Statehouse battery backup power system

This lithium battery system, located in the basement of the Statehouse, is expected to save Vermonters thousands of dollars through the future.

MONTPELIER — Last week, Vermont successfully connected and tested a brand-new backup power system for the Statehouse that will reduce carbon emissions and costs for the state. By Tuesday morning, the state was in position to actually make money off of it.

During a media presentation Tuesday, state officials and key players in the project announced that the Vermont Statehouse has become the first in the U.S. to use a battery backup system in the event of a power loss. Instead of using a traditional fossil fuel generator, the state is expected to save taxpayers $44,000 over the next 10 years with the battery.

Through Green Mountain Power’s (GMP) Use Your Own Device program, in which businesses are paid for their batteries’ power during peak usage times, the Statehouse battery will connect to the electric company’s grid and provide the ability for the state to sell energy back during those hours — reducing costs to save GMP customers a collective estimate of $18,000 over the next 10 years.

Additionally, the new backup power system is projected to cut carbon emissions by 6,388 pounds each year, the equivalent of not using 326 gallons of gasoline. The previous generator used for power outages, which was installed in the 1960s, not only had to use diesel fuel during those outages, but it also had to be turned on each week to test and make sure it still worked.

“Not only is this a cutting-edge solution that reduces both carbon emissions and costs, but it also increases reliability,” said Gov. Phil , through a pre-recorded video message. “As I’ve always said, with out-of-the-box thinking, common sense and collaboration, we can address tough issues like climate change and do our part to reduce carbon emissions, without hurting the economy.”

The project was over two years in the making after the House Committee on Corrections and Institutions started putting together a budget to replace the old generator with something similar. Committee Chair and Rep. Alice E. Emmons (D-Springfield) said it was the suggestion of Rep. Curt Taylor (D-Colchester) to investigate creating and implementing a battery-powered system instead.

Tasked with making the battery was Northern Reliability, based in Waterbury, which has built systems on every continent of the world including Antarctica.

“For us, putting a system in the basement is not a big deal, but having it be the first statehouse in the country was really exciting,” said Northern Reliability CEO Jay Bellows. “The fact that this was all done during a global pandemic is just really impressive… I think it’s just a sign of all the great things that can come out of Vermont when we all put our heads together on a project.”

Another private enterprise from the Green Mountain State that worked on the new system was Dynapower out of South Burlington. Dynapower provided the inverter, the part that allows the battery to go from alternating current — such as that used when an appliance is plugged into a house’s wall — to direct current, the type that’s used in a battery-powered object like a flashlight.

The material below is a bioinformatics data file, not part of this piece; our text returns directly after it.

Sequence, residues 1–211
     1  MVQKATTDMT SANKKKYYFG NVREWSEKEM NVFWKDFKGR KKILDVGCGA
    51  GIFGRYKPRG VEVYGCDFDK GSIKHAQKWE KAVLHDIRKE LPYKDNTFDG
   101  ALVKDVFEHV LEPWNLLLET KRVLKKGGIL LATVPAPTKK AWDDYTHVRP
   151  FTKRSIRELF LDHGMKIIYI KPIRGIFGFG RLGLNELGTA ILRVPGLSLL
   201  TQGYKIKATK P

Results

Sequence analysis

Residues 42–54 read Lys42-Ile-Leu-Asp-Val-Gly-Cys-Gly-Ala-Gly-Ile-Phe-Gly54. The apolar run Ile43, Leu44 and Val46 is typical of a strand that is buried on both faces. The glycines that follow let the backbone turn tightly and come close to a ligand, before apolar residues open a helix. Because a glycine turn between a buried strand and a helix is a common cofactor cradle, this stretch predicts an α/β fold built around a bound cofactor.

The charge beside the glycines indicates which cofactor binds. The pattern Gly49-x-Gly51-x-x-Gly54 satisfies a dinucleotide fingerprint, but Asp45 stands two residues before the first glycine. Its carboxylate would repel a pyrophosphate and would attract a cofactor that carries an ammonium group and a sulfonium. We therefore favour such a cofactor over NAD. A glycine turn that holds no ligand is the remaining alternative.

Finally, Virtual Peaker from Louisville, Kentucky, was tapped to provide the software that allows the battery to communicate with GMP for power sharing. Virtual Peaker was one of five winners of Green Mountain Power’s inaugural Inspire Space contest in 2016.

“This project also highlights how important it is to have the private sector be part of the solution, because government can’t fix climate change alone,” said Scott. “We have to work with our partners who are nimble and can easily innovate. I realize this project is just one small step in reducing carbon emissions, and I know we have much more work to do. But I’m proud of what we’ve done here today. I look forward to seeing how we continue making Vermont a leader in creating technology.”

Once the battery system was manufactured, Norway & Sons, Inc. out of Barre City, was brought in as the electrical contractor to complete the project.

“The best part is that this system was designed and installed by Vermonters, creating jobs,” said Vermont Department of Buildings and General Services Acting Commissioner Jennifer M.V. Fitch. “I want to thank all of our partners that helped make this vision a reality.”

A sum of $450,000 had been appropriated years ago when the discussion about replacing the generator began, and State Program Energy Manager Daniel Edson said the battery project was able to stay within that appropriation. State officials didn’t have an exact comparison of costs on hand Tuesday, but they said that the original appropriation took into account a projected need to blast rock ledge outside the Statehouse, since the new generator would not have been housed in the basement, as well as installing waterproof casing to protect it.

(1) comment

Chuck Schmitz

When the power goes out how long will the backup batteries work? How is it recharged?

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